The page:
USDA data – China – Orange

    2017/18 orange production is forecast at 7.3 million tonnes, up 4% from the previous year due to favourable weather and a diminished impact from citrus greening.

    Orange juice production in 2017/18 (October-September) is forecast at 43 800 tonnes, down slightly from the 2016/17 estimate of 44 500 tonnes. Industry reports that consumer demand for ‘not from concentrate’ (NFC) juice is growing and Chinese processors can now sell high-quality NFC juice at over twice the price of ‘from concentrate’ (FC) juice. Industry contacts also report that production of FC juice continues to slowly decline as consumer demand weakens. Major Chinese orange juice processors are located in Chongqing and Sichuan provinces.

    Orange juice domestic consumption is forecast at 96 200 tonnes, almost unchanged from the 2016/17 estimate. The USDA has increased consumption estimates by more than 30% due to reports from retailers that while demand for FC juice remains weak, consumption of NFC juice was unexpectedly strong, especially in top-tier cities as cold-chain infrastructure, marketing efforts and disposable incomes expand.

    Orange juice imports in 2017/18 are projected at 55 000 tonnes, unchanged on the previous year. Based on Chinese Customs data, 2016/17 import estimations were increased significantly due to unexpectedly strong import demand from Chinese processors opting to import ingredients for juicing as opposed to utilizing domestic oranges which have increased in price. Orange juice exports in 2017/18 are forecast at 2 600 tonnes

     

    USDA data – South Africa – Orange

    The production of oranges in the 2017/18 is forecast to increase by 2% to 1.43 million tonnes, from 1.40 million tonnes in 2016/17.

    The production of orange juice is forecast to increase by 18% to 26 000 tonnes in 2017/18, from 22 000 tonnes in 2016/17. This is due to the increase in the quantity of fresh oranges delivered for processing and the higher juice extraction achieved as a result of the better quality of oranges.

    The domestic consumption of orange juice is forecast to increase by 3% to 6 400 tonnes in 2017/18, from 6 200 tonnes in 2016/17, based on the increase in production and supply availability. The relatively high food price inflation has resulted in restricted growth in the domestic consumption of fresh fruit juices especially the one hundred percent fruit juice, and the shift in demand to orange juice concentrates.

    Exports of orange juice in 2017/18 will increase by about 6% to 25 500 tonnes, from 24 000 tonnes in the 2016/17, based on the available supply and increase in production.

    Producers in South Africa prefer to export fresh oranges rather than to sell to processors as export prices are eight times higher than prices achieved from processors. Netherlands, Botswana, Mozambique, Mauritius, Zambia and Zimbabwe are the biggest markets for South African orange juice exports.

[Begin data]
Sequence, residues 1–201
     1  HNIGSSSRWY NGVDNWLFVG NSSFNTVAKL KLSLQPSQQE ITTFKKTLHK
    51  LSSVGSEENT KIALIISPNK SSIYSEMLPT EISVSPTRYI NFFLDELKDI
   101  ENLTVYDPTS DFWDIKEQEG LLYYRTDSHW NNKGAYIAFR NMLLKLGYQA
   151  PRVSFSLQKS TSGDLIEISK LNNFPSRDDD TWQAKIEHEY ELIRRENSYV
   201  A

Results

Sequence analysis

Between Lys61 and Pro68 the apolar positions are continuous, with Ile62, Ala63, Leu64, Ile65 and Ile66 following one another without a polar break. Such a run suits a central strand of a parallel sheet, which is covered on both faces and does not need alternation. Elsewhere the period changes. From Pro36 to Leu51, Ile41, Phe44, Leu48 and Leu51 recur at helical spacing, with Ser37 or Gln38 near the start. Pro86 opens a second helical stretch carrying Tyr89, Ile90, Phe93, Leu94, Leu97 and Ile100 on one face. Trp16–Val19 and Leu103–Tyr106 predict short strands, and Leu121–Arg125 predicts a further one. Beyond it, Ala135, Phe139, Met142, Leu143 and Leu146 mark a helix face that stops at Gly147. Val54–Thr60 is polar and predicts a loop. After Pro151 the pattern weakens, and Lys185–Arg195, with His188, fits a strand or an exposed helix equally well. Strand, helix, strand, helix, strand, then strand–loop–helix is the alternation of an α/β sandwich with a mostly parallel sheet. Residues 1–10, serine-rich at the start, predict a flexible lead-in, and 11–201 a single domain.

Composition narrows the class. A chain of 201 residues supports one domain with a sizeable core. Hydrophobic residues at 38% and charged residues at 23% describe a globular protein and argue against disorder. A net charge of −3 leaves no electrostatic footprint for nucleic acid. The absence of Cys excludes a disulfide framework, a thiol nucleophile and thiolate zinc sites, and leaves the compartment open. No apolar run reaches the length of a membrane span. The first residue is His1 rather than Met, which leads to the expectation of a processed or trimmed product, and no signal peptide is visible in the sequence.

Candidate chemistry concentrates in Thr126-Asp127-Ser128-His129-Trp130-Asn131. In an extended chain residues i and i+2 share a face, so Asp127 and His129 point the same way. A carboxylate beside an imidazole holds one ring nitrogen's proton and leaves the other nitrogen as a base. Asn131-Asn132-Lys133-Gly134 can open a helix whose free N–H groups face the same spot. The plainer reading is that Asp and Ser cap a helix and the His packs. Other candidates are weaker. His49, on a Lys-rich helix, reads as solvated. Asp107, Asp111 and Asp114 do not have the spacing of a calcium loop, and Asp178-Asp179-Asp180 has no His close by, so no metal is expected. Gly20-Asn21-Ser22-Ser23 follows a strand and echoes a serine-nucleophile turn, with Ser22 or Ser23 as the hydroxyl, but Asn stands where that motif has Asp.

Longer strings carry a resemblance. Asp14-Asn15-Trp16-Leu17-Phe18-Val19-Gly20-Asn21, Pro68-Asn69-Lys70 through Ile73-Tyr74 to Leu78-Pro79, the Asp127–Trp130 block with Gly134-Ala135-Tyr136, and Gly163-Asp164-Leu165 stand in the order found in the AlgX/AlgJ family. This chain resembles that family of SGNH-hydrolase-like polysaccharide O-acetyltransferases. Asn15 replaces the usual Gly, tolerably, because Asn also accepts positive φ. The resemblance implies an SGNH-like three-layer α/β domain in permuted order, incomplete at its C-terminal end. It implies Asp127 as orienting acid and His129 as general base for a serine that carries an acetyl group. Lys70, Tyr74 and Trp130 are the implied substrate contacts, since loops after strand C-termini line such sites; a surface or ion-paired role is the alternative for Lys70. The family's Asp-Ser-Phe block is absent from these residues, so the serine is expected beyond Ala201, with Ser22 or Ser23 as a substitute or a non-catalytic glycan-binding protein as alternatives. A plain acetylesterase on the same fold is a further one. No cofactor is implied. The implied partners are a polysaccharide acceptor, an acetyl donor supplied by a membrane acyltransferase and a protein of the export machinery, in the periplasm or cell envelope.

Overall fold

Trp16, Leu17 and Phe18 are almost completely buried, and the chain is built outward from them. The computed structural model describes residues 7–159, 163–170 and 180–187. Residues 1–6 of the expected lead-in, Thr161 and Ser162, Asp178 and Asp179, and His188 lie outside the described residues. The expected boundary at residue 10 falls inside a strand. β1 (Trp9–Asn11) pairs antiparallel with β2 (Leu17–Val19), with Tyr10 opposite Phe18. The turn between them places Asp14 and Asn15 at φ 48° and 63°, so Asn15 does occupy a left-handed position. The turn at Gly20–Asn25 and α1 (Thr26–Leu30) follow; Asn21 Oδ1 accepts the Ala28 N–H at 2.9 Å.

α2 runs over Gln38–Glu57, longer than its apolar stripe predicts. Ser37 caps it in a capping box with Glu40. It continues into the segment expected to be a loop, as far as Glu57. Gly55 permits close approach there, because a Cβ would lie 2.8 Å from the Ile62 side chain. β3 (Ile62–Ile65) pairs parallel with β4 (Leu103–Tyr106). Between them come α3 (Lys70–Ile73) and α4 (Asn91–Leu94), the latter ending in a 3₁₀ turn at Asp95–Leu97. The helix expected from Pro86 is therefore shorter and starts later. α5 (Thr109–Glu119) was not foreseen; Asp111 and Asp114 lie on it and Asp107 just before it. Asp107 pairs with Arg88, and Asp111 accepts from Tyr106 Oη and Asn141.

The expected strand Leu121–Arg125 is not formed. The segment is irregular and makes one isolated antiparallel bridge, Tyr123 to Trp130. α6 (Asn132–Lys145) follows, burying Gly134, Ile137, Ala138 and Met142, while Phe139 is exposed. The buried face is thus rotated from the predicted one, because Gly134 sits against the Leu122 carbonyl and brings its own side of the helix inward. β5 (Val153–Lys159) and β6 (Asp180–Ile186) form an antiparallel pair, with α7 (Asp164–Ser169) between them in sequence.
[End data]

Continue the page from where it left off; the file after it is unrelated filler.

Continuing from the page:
USDA data – Australia – Orange

    Production of fresh oranges is forecast at 480 000 tonnes in 2017/18, the same as the previous year, assuming average seasonal conditions.

    The USDA forecasts 60 000 tonnes of fresh oranges will be processed into juice for 2017/18. Total orange juice production is forecast to remain at 7 000 tonnes in 2017/18.

    In 2017, the national shortage of Navel oranges for fresh juice production led a number of processors to import orange juice concentrate for mixing with available fresh juice. Some processors used labels on juice bottles to advise consumers on the use of concentrate. In mid-2018, Australia will introduce stricter country-of-origin labelling to all products, which will make it mandatory to label fruit juice made from either local or imported juice.

    Growers have traditionally entered into 3-year contracts with juice processors for juice supplies, although shorter term contracts have been more common in recent years. Lower domestic prices offered by juice processors have encouraged farmers to switch to growing more profitable varieties such as Navel oranges and mandarins; away from Valencia oranges. This trend has resulted in smaller supplies for Valencia oranges, which is now impacting juice processors. In 2017, higher international demand for Valencia oranges has further reduced supplies for processing orange juice.

    Orange juice consumption has fallen over the last decade from 49 000 tonnes in 2005/06 to 41 000 tonnes in 2012/13. The USDA expects a further decrease to 38 000 tonnes for 2017/18.

    Per capita annual consumption of citrus fruit has declined over the last five years due to competition from other beverages such as iced tea and sports drinks. Health concerns are also driving consumers to move away from drinks with higher sugar content and imported concentrates.

    Orange and apple juice are the most popular products on the Australian juice market, but many new competitive products have been introduced such as fruit and vegetable juice combinations, organic juice varieties, cold pressed juice, coconut water, and mixtures with other beverages. Valencia oranges are harvested in winter, but are mainly consumed as juice in the summer, thus, some processors have used six various storage systems for juice, apart from freezing. Juice can be pasteurized and stored juice in 1,000-litre bladders at low temperatures to maintain juice supplies over the year.